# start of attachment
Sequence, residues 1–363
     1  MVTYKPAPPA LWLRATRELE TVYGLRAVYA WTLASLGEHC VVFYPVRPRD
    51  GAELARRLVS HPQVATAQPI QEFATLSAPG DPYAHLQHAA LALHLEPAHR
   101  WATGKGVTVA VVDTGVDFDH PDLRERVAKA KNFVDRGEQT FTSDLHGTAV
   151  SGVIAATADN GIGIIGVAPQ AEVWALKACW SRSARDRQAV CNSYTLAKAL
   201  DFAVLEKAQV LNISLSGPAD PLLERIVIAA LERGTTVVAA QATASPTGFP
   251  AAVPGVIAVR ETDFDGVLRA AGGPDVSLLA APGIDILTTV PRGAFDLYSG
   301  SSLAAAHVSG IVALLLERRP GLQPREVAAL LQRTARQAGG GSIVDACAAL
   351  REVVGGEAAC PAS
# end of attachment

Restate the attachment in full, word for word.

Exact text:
Sequence, residues 1–363
     1  MVTYKPAPPA LWLRATRELE TVYGLRAVYA WTLASLGEHC VVFYPVRPRD
    51  GAELARRLVS HPQVATAQPI QEFATLSAPG DPYAHLQHAA LALHLEPAHR
   101  WATGKGVTVA VVDTGVDFDH PDLRERVAKA KNFVDRGEQT FTSDLHGTAV
   151  SGVIAATADN GIGIIGVAPQ AEVWALKACW SRSARDRQAV CNSYTLAKAL
   201  DFAVLEKAQV LNISLSGPAD PLLERIVIAA LERGTTVVAA QATASPTGFP
   251  AAVPGVIAVR ETDFDGVLRA AGGPDVSLLA APGIDILTTV PRGAFDLYSG
   301  SSLAAAHVSG IVALLLERRP GLQPREVAAL LQRTARQAGG GSIVDACAAL
   351  REVVGGEAAC PAS